Three Types of Goldfish - Not All Are Appropriate For Your Pond

Fish are broken into three different groups when it comes to ponds and water gardens. Some fish are appropriate for water gardens, but some are not and are better left in a protected aquarium environment. Group 1 includes comets, Group 2, fancy goldfish, and Group 3, very fancy goldfish. Those in Groups I and 2 can easily be transferred to and enjoyed in your water garden. Group 3 cannot, and I’ll explain why in a moment. All of these fish in the three groups are of the species Carassius Auratus, and could possibly interbreed if left uncontrolled.

Comets (what most people call Common Goldfish) are good fish for your pond. Over time, they can grow too large for many aquariums (12″ or more), but you can see them better (from the side) than you can from the top in a pond. FYI - comets can live 20 years with proper care, and some have been documented to live to be over 70 years old!

Shubunkins are also comets, but are multi-colored. Both shubunkins and comets adapt to a pond nicely in moderate temperatures, and will over-winter just fine if you have a deep pond (at least 18″-24″) for them to hibernate in.

The best pond for goldfish is at least 50 gallons, has good water circulation and aeration, and is not heated because these are coolwater fish. We have goldfish in our small tropical pond which is heated year-round, but the water temperature seldom gets above the mid-70’s.

Feed the fish floating food designed for goldfish, not tropical fish. Flakes or pellets do just fine. The fish also like worms and the usual treats you give them in the aquarium. Goldfish are not “bottom-feeders” like some fish, but they eat from all areas of the pond.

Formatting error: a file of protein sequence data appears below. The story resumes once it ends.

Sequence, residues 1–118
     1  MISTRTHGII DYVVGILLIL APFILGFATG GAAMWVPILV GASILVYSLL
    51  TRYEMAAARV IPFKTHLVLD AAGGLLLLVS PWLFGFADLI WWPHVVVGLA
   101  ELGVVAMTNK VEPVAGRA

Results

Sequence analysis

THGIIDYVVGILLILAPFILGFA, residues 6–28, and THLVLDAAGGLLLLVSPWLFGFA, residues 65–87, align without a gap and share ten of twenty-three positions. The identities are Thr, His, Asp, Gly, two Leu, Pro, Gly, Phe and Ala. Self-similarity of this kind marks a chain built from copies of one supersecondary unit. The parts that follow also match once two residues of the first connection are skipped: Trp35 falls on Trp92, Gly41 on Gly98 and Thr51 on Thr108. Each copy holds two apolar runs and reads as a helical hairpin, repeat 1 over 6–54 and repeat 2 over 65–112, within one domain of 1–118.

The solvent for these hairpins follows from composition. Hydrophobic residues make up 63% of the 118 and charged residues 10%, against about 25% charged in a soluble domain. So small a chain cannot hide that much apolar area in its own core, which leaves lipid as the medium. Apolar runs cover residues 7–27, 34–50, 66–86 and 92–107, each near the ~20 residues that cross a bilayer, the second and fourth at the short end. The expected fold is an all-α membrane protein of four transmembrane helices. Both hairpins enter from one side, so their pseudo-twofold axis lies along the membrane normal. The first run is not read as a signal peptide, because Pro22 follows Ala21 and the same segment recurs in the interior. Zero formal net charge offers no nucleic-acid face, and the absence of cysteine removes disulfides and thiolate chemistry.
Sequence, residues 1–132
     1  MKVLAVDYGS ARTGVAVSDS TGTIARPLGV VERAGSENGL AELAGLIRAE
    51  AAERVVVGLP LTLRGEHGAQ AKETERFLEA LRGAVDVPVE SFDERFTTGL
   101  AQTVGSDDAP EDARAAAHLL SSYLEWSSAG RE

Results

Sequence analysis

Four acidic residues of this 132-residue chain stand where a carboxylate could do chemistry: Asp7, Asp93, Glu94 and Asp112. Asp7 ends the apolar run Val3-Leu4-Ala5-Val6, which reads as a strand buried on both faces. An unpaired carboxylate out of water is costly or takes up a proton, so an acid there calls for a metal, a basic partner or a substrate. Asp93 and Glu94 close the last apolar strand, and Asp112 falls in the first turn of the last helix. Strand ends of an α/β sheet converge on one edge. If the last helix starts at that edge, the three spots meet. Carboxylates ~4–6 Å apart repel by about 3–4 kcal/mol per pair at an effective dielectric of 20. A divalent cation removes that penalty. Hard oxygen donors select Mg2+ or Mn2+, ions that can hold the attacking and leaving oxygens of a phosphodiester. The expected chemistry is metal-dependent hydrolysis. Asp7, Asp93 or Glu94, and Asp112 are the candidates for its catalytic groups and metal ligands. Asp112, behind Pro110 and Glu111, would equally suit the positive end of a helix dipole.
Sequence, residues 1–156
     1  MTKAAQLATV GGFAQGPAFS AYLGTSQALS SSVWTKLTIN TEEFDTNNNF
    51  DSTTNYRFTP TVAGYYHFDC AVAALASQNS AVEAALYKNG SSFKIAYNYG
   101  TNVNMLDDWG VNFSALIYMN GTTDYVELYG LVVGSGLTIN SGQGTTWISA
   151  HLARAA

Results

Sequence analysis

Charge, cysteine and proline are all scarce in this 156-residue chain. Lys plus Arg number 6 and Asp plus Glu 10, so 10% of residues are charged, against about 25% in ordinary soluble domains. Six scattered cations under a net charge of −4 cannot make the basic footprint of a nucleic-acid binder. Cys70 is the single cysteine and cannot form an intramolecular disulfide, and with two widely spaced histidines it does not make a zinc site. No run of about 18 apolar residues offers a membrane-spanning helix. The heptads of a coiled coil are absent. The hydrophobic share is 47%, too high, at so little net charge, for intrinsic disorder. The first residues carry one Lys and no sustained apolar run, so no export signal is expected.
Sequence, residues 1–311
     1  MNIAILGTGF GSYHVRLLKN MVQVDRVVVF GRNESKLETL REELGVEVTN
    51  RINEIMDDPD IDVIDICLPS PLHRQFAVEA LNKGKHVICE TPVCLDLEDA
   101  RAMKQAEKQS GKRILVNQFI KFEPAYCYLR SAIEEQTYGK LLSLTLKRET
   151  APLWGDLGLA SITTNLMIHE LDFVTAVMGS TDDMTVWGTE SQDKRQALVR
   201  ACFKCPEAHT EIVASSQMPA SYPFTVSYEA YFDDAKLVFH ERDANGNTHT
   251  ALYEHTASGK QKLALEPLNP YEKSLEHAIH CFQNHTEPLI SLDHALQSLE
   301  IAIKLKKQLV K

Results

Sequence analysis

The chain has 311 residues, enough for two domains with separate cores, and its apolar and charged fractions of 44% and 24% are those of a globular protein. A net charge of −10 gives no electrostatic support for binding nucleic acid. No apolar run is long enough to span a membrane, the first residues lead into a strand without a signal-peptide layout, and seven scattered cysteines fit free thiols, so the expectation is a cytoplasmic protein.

To wrap up, Group 1 Goldfish, comets, shubunkins and koi all co-exist very well together. The koi will tend to grow faster, but usually don’t bother the goldfish. If you intend to breed either fish, however, you must separate them so the eggs have a better chance of hatching. All fish will eat eggs, their own or others, so you also need to provide some areas with protection for the eggs to grow and hatch. If you don’t want more fish, then don’t worry about it.

Group 2, the fancy goldfish, include orandas, fantails, black moors, and telescopes. They are also good fish for coolwater aquariums and ponds, but don’t co-exist well with comets and shubunkins. Group I fish swim faster than Group 2 fish, are more aggressive, eat most of the food, and tend to nip and bully the smaller fancies.

Ponds for Group 2 fish should be at least 30 gallons, with well-circulated and aerated water and no heater. They tolerate water in the 35-75 degree F range well, but prefer about 65 degrees F. As with all fish, expose them to the pond gradually, letting the temperature change slowly.

Fancies less than 3″ in length should be fed floating flake food at least twice a day. Larger fish over 3″ in length can be fed the floating pellets other fish eat. All food should be designed for goldfish, not tropical fish. Overall growth can be 8″ or more, and these fish can also live 20 years or longer.

Finally, Group 3 goldfish are the very fancy fish, including bubble eyes, celestials and lionheads. They will survive in a pond like the other groups, but ONLY if grown by themselves, and not mixed with the others. Personally, if I had very fancy goldfish, I wouldn’t think of putting them outside in a pond. They are just too unusual, and too pretty, to enjoy overhead in a pond. Plus, they are usually more expensive and a little more difficult to acquire than the others.

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